rewriting legacy OS for new iron

From: Lyle Bickley <>
Date: Tue Sep 14 11:04:51 2004

In a past life ;-) I used and worked with RSTS/E running on an 11/70 -
including creating a lot of software, adding libraries, etc. - while running
the Quant. Analysis Group at Fidelity.

I now have RSTS/E running on my 11/83 - including the same account (and my
personal software) that I worked with over twenty five years ago.

To port RSTS/E to Intel would be a major chore. RSTS/E supports the RT, RSX
BASIC-PLUS, BASIC-PLUS2, TECO, etc. run-time systems. It "automagically" can
run programs from any of those "OS"es!

So porting RSTS/E would mean porting all of those runtimes and their
associated libraries (RT, RSX, etc.) as well. Whew!!!

I thinks its a LOT easier (and more fun) to simply run it on real DEC hardware
- or if you can't create that environment - run it on Intel via the SIMH or
ERSATZ emulators.


On Tuesday 14 September 2004 07:17, Paul Koning wrote:
> >>>>> "Ron" == Ron Hudson <> writes:
> Ron> Would there be any interest in re-writing somthing like RSTS/E,
> Ron> ITS, TWENEX or one of the other legacy OS to work on x86
> Ron> machines? The idea would be to do something like Linux has done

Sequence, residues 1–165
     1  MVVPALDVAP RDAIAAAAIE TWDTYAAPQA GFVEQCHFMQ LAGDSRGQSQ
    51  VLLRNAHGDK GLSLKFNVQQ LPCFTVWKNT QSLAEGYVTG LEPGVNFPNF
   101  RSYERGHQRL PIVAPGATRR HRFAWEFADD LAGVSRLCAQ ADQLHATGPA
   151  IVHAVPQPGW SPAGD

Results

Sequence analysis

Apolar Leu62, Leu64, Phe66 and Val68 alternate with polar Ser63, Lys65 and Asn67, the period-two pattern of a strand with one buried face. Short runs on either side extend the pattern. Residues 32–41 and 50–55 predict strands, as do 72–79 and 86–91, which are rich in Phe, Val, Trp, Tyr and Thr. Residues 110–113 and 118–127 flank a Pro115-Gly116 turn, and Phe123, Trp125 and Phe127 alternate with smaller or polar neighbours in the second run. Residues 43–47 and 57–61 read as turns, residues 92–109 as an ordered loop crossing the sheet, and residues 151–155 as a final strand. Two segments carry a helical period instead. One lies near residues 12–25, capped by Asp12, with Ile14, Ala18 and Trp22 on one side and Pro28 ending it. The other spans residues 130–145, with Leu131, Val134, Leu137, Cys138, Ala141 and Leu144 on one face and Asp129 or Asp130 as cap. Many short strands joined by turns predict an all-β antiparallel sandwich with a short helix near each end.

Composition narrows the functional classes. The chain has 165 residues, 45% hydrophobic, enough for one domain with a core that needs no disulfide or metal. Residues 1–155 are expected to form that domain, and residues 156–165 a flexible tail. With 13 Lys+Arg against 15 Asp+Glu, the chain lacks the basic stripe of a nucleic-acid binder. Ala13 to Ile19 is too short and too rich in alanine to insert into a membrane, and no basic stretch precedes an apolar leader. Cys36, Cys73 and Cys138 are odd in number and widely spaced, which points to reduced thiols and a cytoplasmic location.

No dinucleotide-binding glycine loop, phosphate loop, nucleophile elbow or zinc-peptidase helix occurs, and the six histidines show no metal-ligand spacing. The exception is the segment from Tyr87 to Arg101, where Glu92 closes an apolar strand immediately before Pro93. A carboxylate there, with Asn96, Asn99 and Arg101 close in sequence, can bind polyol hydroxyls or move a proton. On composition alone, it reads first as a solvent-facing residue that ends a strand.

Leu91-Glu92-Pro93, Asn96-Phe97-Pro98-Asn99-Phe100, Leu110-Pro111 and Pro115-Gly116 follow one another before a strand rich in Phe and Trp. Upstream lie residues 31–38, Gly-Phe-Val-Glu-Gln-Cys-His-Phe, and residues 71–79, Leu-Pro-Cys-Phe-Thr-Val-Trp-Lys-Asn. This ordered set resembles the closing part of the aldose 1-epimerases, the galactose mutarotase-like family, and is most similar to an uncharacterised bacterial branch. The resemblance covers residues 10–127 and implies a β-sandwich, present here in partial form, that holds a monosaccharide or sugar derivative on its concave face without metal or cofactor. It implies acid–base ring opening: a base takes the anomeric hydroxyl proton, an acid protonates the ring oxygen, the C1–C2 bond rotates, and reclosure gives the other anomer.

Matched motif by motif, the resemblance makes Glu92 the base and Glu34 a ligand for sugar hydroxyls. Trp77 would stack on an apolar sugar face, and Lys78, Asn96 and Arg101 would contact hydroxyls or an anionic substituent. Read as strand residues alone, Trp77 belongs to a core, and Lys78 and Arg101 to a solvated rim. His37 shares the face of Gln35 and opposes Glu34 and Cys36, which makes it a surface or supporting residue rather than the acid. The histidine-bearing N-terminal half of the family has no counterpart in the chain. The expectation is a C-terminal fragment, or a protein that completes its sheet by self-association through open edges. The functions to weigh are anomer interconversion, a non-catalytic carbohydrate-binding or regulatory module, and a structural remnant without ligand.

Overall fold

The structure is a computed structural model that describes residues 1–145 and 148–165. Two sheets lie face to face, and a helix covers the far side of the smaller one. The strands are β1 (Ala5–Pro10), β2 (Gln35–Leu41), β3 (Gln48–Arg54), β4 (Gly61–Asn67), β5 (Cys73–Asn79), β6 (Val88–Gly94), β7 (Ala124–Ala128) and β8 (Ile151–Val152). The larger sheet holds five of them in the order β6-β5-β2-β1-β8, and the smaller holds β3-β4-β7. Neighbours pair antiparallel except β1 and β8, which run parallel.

> Ron> for unix but for one of the other OSs, I think all the ones I
> Ron> mentioned ran on pdp machines, whatever we choose to write could
> Ron> have once run on anything.
> What would it mean to "run" such an OS on an x86? Consider RSTS,
> which is the only one of those three I know well. The OS itself is
> 100% assembly language. The system services are defined in terms of
> request blocks in low user memory along with system call instructions
> (EMT opcode of the PDP-11). Applications were generally written in
> Basic-Plus (or -2), or in PDP11 assembler; rarely in some other
> language such as TECO, or FORTH, or others.
> I could imagine creating a Basic-Plus environment that emulates that
> aspect of RSTS. I could also imagine a BP2 compiler that generates
> X86 code. The surrounding machinery -- "run time systems", the system
> service semantics, etc. -- that would be tricky. Assuming you get
> that far, you have a user mode analog of the original, so old
> applications (if written in Basic-Plus or BP2) would run. The same
> would go for TECO. Assembly language applications have no chance
> short of running an emulator at least for user mode. The same goes
> for FORTH, since it tends to hook right into the assembly style system
> service API, though obviously you could replace just that small part
> and keep the rest.
> paul

Lyle Bickley
Bickley Consulting West Inc.
"Black holes are where God is dividing by zero"
Received on Tue Sep 14 2004 - 11:04:51 BST

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